This month marks six months since Hurricane Ida rolled through southeastern Pennsylvania, bringing record rainfall and damaging flooding to areas of southeastern PA – including the Pickering West Water Treatment Plant, Aqua Pennsylvania’s largest suburban Philadelphia treatment facility. At Aqua, we are committed to delivering safe and reliable drinking water for all, and this event highlighted just how critical that commitment truly is.
For perspective on just how powerful the storm was, 20 percent of the annual rainfall normally expected fell in a six-hour-period. This hurricane brought historic and catastrophic flooding – you may recall that astonishing image of Philadelphia’s Vine Street Expressway completely underwater. The flooding inundated and damaged most of the treatment plant’s infrastructure, which normally delivers 30 million gallons per day to approximately 1 million people in three counties. For nine days, our team managed the recovery of the plant by altering its operations so we could provide water to the service area, and deal with related storm aftermath at our other nearby water treatment facilities.
We were forced to implement a boil water advisory in two towns and issue a voluntary request for water conservation while we modified the distribution of water from other plants. Immediately after floodwaters receded, a team of employees and contractors worked around the clock to optimize production at our other plants and ensure service continued without interruption. Throughout this entire time, our number one priority was to provide service to our customers – safe, reliable access to a critical resource they need to live and work.
While we are not immune to floods that can happen annually, our team puts various plans in place to ensure our services remain dependable and accessible for all. We recognize the importance of having actionable natural disaster plans in place to help mitigate some of the potential effects of this hurricane and future storms.
One of the main reasons we avoided a large-scale boil water advisory and were able to keep the water flowing was due to the many sources of drinking water and robust distribution infrastructure throughout southeastern Pennsylvania, allowing us to reroute the water supply to compensate for the loss. In addition, the quick thinking, response, and guidance of our dedicated Aqua crew members prevented the problem from worsening and affecting our customers for a longer duration.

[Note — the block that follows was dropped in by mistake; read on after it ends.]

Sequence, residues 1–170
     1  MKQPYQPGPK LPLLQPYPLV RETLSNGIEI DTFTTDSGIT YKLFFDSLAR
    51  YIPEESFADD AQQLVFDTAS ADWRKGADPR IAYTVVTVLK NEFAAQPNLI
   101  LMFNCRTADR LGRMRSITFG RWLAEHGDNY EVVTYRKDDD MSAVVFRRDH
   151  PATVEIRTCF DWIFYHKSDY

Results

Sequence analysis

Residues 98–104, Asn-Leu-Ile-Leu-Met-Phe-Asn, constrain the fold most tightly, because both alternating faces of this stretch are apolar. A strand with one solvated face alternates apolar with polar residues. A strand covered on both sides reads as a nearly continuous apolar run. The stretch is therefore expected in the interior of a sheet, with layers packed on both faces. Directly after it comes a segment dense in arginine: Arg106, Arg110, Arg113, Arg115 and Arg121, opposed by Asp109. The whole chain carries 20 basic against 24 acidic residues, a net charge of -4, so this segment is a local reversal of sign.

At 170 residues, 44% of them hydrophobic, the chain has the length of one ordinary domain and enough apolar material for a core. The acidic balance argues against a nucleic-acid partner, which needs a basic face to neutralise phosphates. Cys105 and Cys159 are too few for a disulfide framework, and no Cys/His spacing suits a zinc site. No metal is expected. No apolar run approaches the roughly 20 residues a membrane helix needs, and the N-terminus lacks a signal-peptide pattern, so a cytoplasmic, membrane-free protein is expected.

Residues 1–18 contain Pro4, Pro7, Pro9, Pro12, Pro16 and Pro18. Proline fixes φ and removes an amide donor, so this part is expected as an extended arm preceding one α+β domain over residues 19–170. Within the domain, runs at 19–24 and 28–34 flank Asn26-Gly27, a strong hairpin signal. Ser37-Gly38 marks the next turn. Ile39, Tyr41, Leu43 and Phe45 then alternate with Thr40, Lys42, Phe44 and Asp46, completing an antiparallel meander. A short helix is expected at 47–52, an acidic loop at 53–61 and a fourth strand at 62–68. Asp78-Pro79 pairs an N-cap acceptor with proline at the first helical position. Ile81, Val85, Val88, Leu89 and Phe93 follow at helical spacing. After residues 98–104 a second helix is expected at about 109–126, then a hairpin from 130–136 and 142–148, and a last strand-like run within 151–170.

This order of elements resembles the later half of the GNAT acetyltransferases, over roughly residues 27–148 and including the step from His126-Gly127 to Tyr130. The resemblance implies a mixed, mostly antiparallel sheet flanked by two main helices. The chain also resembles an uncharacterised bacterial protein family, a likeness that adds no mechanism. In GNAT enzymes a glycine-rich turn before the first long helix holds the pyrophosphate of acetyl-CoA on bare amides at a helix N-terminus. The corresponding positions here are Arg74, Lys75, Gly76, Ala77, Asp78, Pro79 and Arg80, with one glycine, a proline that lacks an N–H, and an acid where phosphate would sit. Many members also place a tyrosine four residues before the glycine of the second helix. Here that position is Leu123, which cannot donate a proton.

Additional tactics that helped us remain strong and continue water flow was a combination of media, social and digital outreach, customer specific email and text alerts, and focused, strategic communication that proved effective. Aqua was able to fully saturate all available media channels to reach a significant number of people in a short period of time – the storm came in fast, and we reacted swiftly and efficiently. Our conservation messaging resulted in a customer response driving a measurable reduction in water consumption, affording us time to redirect water flow and help us avoid a larger scale issue.
Through the heroic efforts of our people, and the benefit of years of infrastructure investment throughout our system, Aqua was able to restore the operation of the plant from total outage in 9 days while sustaining service. Our plan is to employ corrective actions from this experience as we invest in operational strategies and infrastructure to ensure fast recovery and resilience from future circumstances. As a large water company with the available resources to endure these seemingly more frequent events, our customers should rest easy knowing that they have a water company serving them that can “weather the storm.”
Marc A. Lucca is President of Aqua Pennsylvania, Inc.
Aqua Pennsylvania serves approximately 1.5 million people in 32 counties throughout the Commonwealth of Pennsylvania. Visit AquaAmerica.com, or follow Aqua on Facebook at facebook.com/MyAquaAmerica and on Twitter at @MyAquaAmerica.